By adding a bit more textiles into the process, Deko Eko arrived at more creative solutions too, turning workwear into handy lunchboxes and bags with reflective straps.
Interestingly, the collection included gadgets for cycling fans too. Old construction site jackets and other pieces of workwear have been transformed into saddle covers, frame carriers, double bicycle panniers, triangular frame packs and sewn bags for bottles. Such collections can be easily adapted to any brand - the easiness of adapting these solutions is what makes each upcycling project so unique too.
Independent designers started to introduce upcycling concepts into their brand missions, and large companies followed through - i.e H&M released a line of clothing made from discarded workwear. As commented by the company’s representatives,
“In this collection, the brand highlights unexplored sources for creating new garments through the upcycling of workwear. Pieces which have become worthless for their primary purpose are still full of value. Furthermore, the process saves on virgin materials, climate emissions, water and chemical use. The ambition is to expand the vision around how to recycle clothes while asking one’s self: what other unvalued sources are out there.”
H&M also worked with Deko Eko in the area of upcycling promotion. Experts from Deko Eko conducted workshops for H&M employees back in 2016.
The goal of the workshops was to pinpoint the necessity to upcycle textiles, and as a result of the creative event, H&M team created jewellery pieces and small items of everyday use. At the same time, Deko Eko’s partner - a designer brand Tutka - conducted similar workshops where textiles were turned into lamps and office items made from recycled paper-based wicker.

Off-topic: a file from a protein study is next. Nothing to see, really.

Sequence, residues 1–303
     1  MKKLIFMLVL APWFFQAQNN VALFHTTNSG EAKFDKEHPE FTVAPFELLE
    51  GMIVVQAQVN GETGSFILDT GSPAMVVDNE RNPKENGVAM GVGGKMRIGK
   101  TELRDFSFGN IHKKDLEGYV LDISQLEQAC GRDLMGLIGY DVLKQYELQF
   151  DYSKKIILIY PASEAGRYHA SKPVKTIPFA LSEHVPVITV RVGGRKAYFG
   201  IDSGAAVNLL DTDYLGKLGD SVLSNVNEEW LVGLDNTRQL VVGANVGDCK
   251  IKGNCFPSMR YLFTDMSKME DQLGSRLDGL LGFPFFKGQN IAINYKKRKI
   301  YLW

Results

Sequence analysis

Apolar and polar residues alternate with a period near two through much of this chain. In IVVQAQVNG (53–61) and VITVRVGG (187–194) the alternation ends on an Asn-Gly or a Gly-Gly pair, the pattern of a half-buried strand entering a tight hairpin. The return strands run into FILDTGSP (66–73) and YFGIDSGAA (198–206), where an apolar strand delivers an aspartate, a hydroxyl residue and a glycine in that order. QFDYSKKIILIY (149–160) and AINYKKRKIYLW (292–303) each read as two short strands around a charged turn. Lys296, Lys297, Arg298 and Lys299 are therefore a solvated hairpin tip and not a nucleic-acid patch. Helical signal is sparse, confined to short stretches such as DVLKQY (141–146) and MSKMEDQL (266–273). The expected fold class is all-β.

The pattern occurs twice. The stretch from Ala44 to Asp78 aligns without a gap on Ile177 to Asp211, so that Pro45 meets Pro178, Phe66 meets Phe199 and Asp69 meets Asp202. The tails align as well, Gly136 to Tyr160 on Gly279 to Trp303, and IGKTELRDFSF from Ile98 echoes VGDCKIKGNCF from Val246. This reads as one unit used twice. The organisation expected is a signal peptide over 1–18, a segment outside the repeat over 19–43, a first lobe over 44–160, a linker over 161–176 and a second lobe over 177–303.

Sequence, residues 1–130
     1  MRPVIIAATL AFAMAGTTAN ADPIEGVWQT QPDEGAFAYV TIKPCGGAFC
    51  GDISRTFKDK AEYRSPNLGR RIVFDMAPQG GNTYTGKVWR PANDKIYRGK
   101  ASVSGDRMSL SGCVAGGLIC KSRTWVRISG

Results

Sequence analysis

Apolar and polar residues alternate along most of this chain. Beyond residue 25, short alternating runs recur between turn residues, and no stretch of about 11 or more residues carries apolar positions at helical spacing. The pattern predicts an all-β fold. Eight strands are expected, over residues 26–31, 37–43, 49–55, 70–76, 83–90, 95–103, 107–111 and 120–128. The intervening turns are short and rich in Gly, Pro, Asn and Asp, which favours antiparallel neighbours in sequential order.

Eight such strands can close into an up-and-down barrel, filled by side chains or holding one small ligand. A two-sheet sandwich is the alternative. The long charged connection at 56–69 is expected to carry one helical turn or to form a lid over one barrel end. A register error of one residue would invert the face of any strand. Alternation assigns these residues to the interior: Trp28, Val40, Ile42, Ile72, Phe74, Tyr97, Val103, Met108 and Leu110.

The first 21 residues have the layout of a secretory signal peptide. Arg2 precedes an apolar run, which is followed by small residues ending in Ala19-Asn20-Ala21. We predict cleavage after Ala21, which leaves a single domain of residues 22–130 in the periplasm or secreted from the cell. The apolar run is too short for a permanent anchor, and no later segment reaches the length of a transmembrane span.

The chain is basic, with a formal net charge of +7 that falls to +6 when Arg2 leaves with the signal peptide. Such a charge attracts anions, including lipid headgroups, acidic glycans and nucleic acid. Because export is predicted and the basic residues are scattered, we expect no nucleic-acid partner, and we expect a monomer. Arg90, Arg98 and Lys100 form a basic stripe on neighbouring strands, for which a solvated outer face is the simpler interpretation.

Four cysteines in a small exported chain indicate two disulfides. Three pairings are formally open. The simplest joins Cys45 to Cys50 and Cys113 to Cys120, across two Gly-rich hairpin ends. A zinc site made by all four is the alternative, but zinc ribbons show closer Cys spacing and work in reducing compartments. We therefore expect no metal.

Workwear can be upcycled too, and through means of giving it a second life, you can achieve several goals. Let’s take a look at some of the examples of how workwear was turned into new products, with new value and use.
Deko Eko collaborated with Miles Promocean on a project for their client - a big German retail chain. The goal was to utilize the workwear of the retailer in an upcycling manner. Deko Eko’s designers reimagined the clothes as bags, and sewed a collection of stunningly stylish accessories. The project was also an example of responsible manufacturing, a key area of interest for this retailer.
The accessories were sewed by a social enterprise that aimed at providing work for the professionally excluded. Such initiative encapsulates the many benefits that can be brought around by upcycling when it is introduced in the mindset of socially responsible business.
Take a look at the results of the collaboration below.
Here’s another one.
A Swedish Designer Nhu Dong teamed up with a local brewery to create a fashion collection made from upcycled workwear. The artist created unique unisex products, all inspired by the brewery’s standard uniforms.
As you can see, there are many ways in which workwear can be upcycled. Workwear can be successfully coined into products with entirely new value. To learn more about the world of upcycling, get in touch with our team.